Fire Badge "Franklin Hose 28"

Description
This shield-shaped metal fire badge belonged to a member of the Franklin Hose Company No. 28 of Philadelphia, Pennsylvania. Franklin Hose No. 28 was founded in 1838. It purchased the charter of Harmony No. 6 in 1867, and took over that name, dating the badge to before this year. The center of the badge has the number “28” inside a circular cutout. An upper banner on the badge is inscribed “FRANKLIN” and the lower banner reads “HOSE.” The badge is decorated with an inscribed floral motif.
Metal firefighter’s badges were a part of the firefighter’s uniform since volunteer companies began to proliferate in the early 19th century. As volunteer companies gave way to municipal fire departments during the mid–19th century, these badges became mandated by uniform codes. Badges served as official identification at fire scenes, as access to derelict buildings by unscrupulous citizens could result in looting. Fire badges came in a variety of shapes, most notably circular, shield–shaped, or the Maltese cross. While shield–shaped badges were often worn on the chest, circular and cross-shaped badges can be seen on jacket lapels or soft caps. Badges usually detailed the company’s name, number and department, and were often decorated with various symbols of the profession such as hose carriages, hand–pumped engines, hoses, trumpets, helmets, hooks, and ladders. For paid municipal companies, many badges also featured the badge number of the wearer.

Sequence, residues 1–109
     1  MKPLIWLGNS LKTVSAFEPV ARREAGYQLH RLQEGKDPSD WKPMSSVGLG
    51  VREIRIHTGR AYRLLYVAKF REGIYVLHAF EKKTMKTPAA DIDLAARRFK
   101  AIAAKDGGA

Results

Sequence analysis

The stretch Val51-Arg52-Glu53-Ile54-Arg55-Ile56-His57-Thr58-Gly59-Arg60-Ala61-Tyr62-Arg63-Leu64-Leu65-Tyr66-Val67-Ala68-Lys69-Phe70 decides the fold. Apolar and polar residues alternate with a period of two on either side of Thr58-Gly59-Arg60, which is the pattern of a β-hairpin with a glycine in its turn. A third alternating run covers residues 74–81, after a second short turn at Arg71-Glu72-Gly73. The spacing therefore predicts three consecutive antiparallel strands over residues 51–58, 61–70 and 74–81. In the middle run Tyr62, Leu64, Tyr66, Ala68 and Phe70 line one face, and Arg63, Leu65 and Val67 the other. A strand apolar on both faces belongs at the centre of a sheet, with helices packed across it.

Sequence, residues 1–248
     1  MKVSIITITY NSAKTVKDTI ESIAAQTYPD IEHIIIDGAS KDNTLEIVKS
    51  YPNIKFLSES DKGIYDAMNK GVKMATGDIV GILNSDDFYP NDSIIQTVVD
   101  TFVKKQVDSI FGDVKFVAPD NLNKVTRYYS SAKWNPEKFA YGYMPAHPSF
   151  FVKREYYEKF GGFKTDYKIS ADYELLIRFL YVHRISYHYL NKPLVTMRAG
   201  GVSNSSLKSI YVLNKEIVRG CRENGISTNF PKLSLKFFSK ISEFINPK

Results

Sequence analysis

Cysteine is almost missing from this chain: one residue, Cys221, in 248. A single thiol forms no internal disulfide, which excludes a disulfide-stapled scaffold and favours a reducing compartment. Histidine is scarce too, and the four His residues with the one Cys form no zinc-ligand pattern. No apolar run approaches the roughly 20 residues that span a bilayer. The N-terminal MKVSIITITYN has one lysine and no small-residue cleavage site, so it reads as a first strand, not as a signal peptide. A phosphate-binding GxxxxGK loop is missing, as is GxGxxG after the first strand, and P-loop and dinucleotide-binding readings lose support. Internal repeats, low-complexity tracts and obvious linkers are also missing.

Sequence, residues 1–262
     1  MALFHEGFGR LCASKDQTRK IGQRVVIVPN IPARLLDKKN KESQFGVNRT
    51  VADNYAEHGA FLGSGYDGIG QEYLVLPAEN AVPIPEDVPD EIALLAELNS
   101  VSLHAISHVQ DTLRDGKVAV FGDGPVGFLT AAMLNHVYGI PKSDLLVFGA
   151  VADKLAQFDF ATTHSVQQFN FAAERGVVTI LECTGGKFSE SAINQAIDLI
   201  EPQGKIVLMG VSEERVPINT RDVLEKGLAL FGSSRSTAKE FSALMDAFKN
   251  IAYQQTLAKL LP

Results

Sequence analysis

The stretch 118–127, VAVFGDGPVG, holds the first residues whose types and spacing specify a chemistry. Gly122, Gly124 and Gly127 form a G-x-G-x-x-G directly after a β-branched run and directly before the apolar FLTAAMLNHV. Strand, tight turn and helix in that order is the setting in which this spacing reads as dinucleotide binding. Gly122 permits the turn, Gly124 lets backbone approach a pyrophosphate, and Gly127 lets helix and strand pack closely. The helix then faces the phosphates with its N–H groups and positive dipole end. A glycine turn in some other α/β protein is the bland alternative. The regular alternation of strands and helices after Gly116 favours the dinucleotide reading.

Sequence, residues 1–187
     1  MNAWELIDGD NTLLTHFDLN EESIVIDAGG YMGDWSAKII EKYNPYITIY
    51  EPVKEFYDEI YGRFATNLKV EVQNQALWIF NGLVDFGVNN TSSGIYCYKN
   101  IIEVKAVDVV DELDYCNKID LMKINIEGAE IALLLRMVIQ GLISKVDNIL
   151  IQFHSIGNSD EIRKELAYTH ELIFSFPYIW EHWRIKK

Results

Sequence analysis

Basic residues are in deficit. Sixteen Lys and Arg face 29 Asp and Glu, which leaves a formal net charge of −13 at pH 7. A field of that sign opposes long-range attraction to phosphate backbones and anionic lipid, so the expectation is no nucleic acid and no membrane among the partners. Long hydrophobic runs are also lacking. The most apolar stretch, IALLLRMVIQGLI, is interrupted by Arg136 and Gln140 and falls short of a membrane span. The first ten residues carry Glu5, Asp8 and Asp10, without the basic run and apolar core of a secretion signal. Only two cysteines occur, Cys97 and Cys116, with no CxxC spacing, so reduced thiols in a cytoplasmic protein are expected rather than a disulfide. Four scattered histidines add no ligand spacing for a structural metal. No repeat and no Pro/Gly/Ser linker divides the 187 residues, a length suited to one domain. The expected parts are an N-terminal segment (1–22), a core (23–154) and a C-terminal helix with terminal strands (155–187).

Location
Currently not on view
Object Name
badge, fireman's
date made
19th century
maker
unknown
Physical Description
silver plated metal (overall material)
Measurements
overall: 1 1/2 in x 7/8 in; 3.81 cm x 2.2225 cm
place made
United States
ID Number
2005.0233.1381
accession number
2005.0233
catalog number
2005.0233.1381
subject
Work
Firefighting Collection
Fire Badges
See more items in
Home and Community Life: Fire Fighting and Law Enforcement
Fire Badges
Firefighting Collection
Data Source
National Museum of American History, Kenneth E. Behring Center
Credit Line
Gift of CIGNA Museum and Art Collection

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